Tushar KanwarNov 30, 2016 12:19:32 IST
It’s a familiar refrain, one that you may have heard elsewhere on the Internet. You know, the one of the long-time Mac owner, waiting for Apple to upgrade the MacBook Pro line. That upgrade came recently, with the launch of the fourth-generation MacBook Pro, a laptop that was thinner, lighter and more powerful than ever before. With a whole new Touch Bar interface that seemed pretty cool in the demos on-stage. Yet, the mac-lash from among pro Mac users, many of whom have supported the company since before the iPod was cool, has been rather unprecedented, almost in a sense drowning out the short-lived hysteria that followed the iPhone 7’s headphone-gate moment.
It may seem strange, at first. There’s nothing seriously wrong with the new Macs – they pack in improved displays, a Touch ID sensor (finally!), insanely fast SSDs, better audio quality and the all-compatible USB-C port on a chassis that makes the much-loved and once-impossibly-thin MacBook Air look fat! But the more I think about it, the more I’m not entirely sure if these Macs are for the “Pros” anymore…or for that matter, who they’re really meant for…
Go beyond the slick industrial design – arguably still one of the best around – and you’ll see what I mean. You get newer chips in this year’s MacBook Pros but they’re the older Intel Skylake CPUs and not the latest Kaby Lake CPUs – Intel doesn't have a Kaby Lake counterpart ready yet – one of the downsides of both Microsoft and Apple’s heavy reliance on Intel for their chips.
The massive focus on thinness and power efficiency meant that even on the 15-inch mode, Apple had to forgo the outright performance benefits of the Nvidia GTX1050, opting for the decidedly mid-range AMD Radeon Pro 450 instead. SSDs in the Touch Bar models are without a doubt insanely fast, but they’re soldered on at purchase, and the memory options max out at 16GB of RAM. All these are non-issues for casual consumer use, but for the MacBook Pros erstwhile core audience – developers, many of who use their Macs to develop macOS/iOS apps – these are potential deal breakers.
Even creative professionals don't seem too pleased with exclusion of the SD card slot and the #donglelife they will need to lead if they want to connect to external monitors, keyboards and accessories. Heck, even regular users will ask the obvious questions – why have two different headphone connectors in the latest iPhone and MacBook Pros? Why didn't the iPhone, launched just a month prior, ship with the right cable to charge off the new MacBook Pros? Why’s the super popular HDMI port missing?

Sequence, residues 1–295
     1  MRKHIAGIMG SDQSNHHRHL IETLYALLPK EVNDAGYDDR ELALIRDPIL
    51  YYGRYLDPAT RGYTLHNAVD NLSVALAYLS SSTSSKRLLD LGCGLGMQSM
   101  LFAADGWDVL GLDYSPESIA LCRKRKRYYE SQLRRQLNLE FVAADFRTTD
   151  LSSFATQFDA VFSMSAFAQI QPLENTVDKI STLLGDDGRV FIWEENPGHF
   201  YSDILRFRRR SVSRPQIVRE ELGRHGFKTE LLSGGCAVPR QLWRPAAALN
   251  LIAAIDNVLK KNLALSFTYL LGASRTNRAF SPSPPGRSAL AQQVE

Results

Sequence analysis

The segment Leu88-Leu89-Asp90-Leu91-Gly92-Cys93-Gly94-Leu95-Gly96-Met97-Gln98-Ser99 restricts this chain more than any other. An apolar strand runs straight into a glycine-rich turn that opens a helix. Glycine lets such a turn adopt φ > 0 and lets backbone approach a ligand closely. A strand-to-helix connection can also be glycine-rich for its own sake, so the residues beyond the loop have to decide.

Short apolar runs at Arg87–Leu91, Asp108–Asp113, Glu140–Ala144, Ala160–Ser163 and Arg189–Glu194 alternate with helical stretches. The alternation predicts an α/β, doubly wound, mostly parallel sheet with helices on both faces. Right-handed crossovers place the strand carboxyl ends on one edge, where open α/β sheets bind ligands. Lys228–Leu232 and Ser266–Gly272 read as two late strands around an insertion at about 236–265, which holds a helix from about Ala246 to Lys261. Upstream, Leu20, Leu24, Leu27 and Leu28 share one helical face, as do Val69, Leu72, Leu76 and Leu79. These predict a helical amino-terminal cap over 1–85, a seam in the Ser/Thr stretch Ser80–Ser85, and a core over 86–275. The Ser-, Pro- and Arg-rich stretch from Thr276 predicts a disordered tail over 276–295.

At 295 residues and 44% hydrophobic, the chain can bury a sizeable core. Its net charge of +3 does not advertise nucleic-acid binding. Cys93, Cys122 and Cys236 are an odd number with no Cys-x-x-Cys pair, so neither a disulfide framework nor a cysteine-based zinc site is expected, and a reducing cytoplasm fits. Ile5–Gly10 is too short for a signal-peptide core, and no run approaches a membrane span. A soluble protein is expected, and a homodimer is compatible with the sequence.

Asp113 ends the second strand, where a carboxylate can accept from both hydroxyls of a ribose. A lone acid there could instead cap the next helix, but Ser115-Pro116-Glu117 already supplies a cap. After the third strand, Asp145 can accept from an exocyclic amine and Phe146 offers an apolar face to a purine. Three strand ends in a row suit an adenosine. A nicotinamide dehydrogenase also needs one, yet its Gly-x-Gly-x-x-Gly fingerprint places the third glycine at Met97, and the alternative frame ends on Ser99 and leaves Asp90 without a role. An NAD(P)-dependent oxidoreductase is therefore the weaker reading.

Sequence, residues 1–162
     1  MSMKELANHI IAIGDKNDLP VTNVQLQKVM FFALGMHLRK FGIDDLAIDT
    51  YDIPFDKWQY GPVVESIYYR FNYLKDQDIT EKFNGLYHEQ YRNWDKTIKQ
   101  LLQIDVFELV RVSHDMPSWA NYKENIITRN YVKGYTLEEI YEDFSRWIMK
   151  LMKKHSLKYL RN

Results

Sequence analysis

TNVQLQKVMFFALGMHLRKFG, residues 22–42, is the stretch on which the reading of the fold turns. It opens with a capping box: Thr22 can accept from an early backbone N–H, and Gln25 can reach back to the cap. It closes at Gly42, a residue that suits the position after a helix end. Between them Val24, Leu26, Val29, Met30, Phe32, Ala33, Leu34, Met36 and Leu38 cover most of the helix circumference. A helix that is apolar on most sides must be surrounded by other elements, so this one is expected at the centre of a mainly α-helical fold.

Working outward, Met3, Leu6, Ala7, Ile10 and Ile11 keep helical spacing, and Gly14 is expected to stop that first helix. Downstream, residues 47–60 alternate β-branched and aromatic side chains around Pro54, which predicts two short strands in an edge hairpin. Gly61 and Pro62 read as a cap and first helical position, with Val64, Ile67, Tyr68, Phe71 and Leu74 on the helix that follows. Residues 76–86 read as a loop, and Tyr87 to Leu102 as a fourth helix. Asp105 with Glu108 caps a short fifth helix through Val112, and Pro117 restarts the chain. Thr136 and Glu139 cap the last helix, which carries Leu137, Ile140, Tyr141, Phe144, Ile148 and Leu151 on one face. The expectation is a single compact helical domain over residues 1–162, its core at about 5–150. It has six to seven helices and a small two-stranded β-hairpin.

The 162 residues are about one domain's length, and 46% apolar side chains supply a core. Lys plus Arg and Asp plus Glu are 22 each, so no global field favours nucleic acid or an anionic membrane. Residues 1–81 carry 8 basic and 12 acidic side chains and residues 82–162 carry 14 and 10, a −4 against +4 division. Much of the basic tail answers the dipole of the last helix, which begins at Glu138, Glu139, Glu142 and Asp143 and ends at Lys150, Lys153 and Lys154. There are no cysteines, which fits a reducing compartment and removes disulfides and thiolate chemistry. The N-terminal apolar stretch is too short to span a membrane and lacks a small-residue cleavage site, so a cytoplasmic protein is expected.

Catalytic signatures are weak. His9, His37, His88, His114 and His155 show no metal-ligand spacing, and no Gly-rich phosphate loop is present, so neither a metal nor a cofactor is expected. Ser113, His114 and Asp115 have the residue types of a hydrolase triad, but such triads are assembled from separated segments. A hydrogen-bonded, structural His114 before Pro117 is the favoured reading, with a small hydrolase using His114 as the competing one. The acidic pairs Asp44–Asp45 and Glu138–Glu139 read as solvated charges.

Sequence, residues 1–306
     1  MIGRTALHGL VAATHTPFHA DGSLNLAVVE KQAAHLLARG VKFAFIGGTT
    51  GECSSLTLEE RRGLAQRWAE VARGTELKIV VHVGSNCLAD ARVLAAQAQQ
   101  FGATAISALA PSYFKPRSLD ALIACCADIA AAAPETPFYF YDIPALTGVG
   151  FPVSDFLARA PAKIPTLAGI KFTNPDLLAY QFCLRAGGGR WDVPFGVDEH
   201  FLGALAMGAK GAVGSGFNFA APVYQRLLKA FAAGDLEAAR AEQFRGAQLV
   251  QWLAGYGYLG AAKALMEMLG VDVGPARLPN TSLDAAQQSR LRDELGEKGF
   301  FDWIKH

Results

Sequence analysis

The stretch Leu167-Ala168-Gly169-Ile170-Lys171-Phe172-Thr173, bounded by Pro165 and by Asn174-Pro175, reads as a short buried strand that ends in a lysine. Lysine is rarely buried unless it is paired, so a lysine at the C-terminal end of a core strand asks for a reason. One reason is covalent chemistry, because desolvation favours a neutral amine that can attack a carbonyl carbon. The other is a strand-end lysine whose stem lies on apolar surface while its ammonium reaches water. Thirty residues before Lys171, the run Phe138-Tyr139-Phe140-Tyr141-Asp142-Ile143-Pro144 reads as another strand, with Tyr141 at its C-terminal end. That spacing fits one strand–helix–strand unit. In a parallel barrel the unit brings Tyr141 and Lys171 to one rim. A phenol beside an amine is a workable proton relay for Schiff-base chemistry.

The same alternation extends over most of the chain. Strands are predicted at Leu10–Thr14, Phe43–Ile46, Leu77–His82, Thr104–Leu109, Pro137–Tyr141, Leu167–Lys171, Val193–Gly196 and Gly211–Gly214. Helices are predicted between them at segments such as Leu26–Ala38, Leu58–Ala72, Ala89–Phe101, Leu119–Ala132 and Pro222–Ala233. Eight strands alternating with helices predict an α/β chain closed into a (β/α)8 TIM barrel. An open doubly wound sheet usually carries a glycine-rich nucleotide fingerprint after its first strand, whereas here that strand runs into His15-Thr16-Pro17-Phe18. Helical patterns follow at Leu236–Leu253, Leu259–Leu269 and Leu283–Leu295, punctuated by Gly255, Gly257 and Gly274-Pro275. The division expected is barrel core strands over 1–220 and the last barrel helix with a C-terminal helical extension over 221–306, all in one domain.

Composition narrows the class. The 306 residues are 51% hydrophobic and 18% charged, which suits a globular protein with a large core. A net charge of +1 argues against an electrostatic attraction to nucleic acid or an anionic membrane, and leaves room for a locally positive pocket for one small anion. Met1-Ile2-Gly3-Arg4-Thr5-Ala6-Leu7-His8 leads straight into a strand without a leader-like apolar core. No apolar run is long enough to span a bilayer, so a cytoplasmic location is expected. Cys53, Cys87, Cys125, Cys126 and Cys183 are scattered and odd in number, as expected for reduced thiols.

Part of the problem is that the rest of the Mac lineup was so terribly neglected, with the iMac and the Mac mini seeing their last updates well over a year ago, two in the case of the Mac mini. Remember the 'Can't innovate anymore, my ass' Mac Pro? It last saw an update 1076 days ago!
The MacBook Air looks like it’s being eased out – a shame for what is still a capable and affordable portable Mac – without Apple offering a similarly priced alternative. The lack of clarity from Apple on the Mac portfolio is a problem, and for many users, the new MacBook Pros represented a window of an upgrade opportunity that just didn't materialise.
Where do we go from here? If Apple were to want to soothe some frayed nerves – you know, other than temporarily cut USB-C dongle prices to appease the first wave of MacBook Pro buyers – what could it do? Would a built-to-order 15-inch model with special configuration for power users solve the problem? Not without a significant hit to battery at the very least. However, if there are updated iMacs or Minis coming early next year, it would do Cupertino no harm in conveying as much without really giving away anything most informed folks couldn’t guess for themselves. Or maybe talk about the Mac Pro and the intent to refresh it (if at all) or stick a knife in it and kill it off altogether. Incentivise the adoption of dongles by permanently discounting any dongles you buy alongside the new MacBook Pros, and charging the sticker price for any thereafter.
None of these would make Apple any less Apple, and as the company tries to consciously address a wider audience for its Macs, it would do well to ensure its most loyal and passionate customers don't get left behind.
The author is a technology columnist and commentator and has been contributing for the past 18 years to India’s leading news media. He tweets @2shar.
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